Here’s a recipe for an austerity dinner (less than 5 euros for two people), with a bit of political/economic geography thrown into the mix.
To serve two people, you will need:
One can of tuna steak (200g) – – the tuna I have in front of me was caught in the Seychelles in the Indian Ocean under the John West Foods label, based in Liverpool.
One (150g) can of sweetcorn – – the can I have is Green Giant, a brand of the General Mills corporation; the corn was grown in France
The juice of half a lemon – – the one I used was a product of Spain
Some spring onions – – I used Irish ones
Some salt and pepper – – not sure of origin, sorry!
Three nests of medium egg noodles – – these were produced in China and imported by Blue Dragon, a label of the AB World Foods Ltd, which has an address in Lancashire, UK.
Some Mayonnaise – – I used Hellman’s; it was produced in England
Some Sesame Oil – – I used Blue Dragon brand and they imported it from Taiwan
Mix together in a bowl the tuna, sweetcorn, lemon juice, chopped spring onions and salt and pepper. Shouldn’t take you long.
Then, cook the nests of egg noodles for 4 minutes in a bowl of boiling water. Drain the water, throw some sesame oil in there, mix a wee bit, then add just about 2 teaspoons of mayonnaise. Mix it well.
Now divide the noodles into two bowls and then add some of the tuna-sweetcorn mixture on top. There you go. Enjoy. It’s a tasty wee meal.
The political/economic geography:
This is what I call austerity food. It’s cheap and cheerful – – just about 5 euros for two people and there might even be a bit left over for someone’s lunch. But although it’s austere in my mind, it’s obviously an expensive option for hundreds of millions, if not billions of others. While I boast about my fancy dinner that costs less than 5 euros, just under, or perhaps more than, one billion people are suffering chronic hunger. Admittedly, not too many of them are in Taiwan but a good chunk are in China and even 8% of the Seychelles population was undernourished in the period 2006-08 (see here). The point is that my austerity munch originates in part from countries where austere meals have an entirely different meaning. Maybe one shouldn’t dwell on this, especially when trying to enjoy the meal, but then, maybe, we should.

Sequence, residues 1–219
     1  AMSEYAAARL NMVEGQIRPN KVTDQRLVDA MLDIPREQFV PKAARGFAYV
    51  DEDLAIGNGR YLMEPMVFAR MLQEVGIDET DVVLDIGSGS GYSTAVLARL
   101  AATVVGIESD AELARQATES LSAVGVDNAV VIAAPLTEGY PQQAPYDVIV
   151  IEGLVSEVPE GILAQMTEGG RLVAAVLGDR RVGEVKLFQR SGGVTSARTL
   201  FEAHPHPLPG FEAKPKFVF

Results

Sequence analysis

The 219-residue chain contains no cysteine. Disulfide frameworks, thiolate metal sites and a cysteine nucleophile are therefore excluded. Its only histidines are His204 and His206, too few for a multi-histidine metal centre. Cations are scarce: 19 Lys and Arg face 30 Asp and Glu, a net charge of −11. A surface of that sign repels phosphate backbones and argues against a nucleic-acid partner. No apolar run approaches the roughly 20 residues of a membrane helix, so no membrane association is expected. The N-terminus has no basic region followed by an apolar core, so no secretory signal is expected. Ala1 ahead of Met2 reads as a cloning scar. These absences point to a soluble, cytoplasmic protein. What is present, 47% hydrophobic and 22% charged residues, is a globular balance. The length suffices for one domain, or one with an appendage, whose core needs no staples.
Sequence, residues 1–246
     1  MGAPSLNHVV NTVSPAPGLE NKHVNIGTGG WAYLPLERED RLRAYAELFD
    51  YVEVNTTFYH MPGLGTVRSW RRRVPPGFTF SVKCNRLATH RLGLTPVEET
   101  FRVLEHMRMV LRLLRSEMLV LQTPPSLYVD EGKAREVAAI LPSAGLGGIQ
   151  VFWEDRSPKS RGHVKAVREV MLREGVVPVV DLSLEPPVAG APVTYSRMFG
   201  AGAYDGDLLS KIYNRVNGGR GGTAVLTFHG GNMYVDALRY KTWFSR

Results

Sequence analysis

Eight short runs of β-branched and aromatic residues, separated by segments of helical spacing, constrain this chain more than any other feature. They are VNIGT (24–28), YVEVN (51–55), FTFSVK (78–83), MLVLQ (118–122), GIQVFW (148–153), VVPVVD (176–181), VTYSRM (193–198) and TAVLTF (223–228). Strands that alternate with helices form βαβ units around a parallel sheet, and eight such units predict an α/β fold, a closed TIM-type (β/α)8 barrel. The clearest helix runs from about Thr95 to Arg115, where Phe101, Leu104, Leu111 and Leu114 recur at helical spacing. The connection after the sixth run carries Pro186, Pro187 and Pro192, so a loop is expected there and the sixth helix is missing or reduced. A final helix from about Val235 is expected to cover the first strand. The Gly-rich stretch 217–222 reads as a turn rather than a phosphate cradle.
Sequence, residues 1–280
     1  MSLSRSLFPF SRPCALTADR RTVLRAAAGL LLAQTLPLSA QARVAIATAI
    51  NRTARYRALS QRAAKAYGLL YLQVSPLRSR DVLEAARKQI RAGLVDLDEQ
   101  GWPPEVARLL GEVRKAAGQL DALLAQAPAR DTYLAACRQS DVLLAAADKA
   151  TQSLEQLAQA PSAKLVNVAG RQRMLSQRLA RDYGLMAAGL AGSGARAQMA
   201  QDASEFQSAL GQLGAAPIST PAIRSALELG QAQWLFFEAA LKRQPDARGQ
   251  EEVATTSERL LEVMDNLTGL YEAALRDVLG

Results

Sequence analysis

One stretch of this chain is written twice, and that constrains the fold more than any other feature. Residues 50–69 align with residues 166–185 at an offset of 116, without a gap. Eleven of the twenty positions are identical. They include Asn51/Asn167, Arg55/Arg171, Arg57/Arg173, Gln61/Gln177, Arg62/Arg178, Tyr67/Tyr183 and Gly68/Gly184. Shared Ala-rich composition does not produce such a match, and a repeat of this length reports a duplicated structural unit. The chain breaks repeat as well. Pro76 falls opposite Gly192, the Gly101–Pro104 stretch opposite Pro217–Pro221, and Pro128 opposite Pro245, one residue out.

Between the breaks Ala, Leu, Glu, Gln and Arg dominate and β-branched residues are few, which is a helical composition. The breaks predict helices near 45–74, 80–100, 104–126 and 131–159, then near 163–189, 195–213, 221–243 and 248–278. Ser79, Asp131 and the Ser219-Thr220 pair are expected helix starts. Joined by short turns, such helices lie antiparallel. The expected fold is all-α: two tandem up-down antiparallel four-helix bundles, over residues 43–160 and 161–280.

And maybe we should also dwell on one other thing here: General Mills, the canner and mover of my sweetcorn. A corporation with a market capitalizaton of about $25 billion and annual revenues of $16 billion. It has been doing well, returning profits to its shareholders ($2.56 per share in 2012), cutting its operating costs, and acquiring new businesses (in an effort to grow and stay in the same sort of league as the real food giants – – Kraft, Unilever, and Nestle). Could I eat without these corporations? Are they needed in today’s world? Are the profits they must make to stay in business a reasonable social cost for global society as a whole to bear? Exactly what sort of world – what sort of foodscape – do these corporations produce? And what sort of world do they want to produce? These sorts of questions aren’t usually on our minds when we sit down to eat, but like the point I posed above, maybe they should be. My austerity dinner is underpinned by legal instruments, financial arrangements, trade regulations and agreements, production complexes, actual producers on the ground or in the sea, and all manner of ecological subsidies (transportation fuel, fertilizer, groundwater, etc.). It’s grand for me that I can afford to eat like this, but what is the true cost of doing so?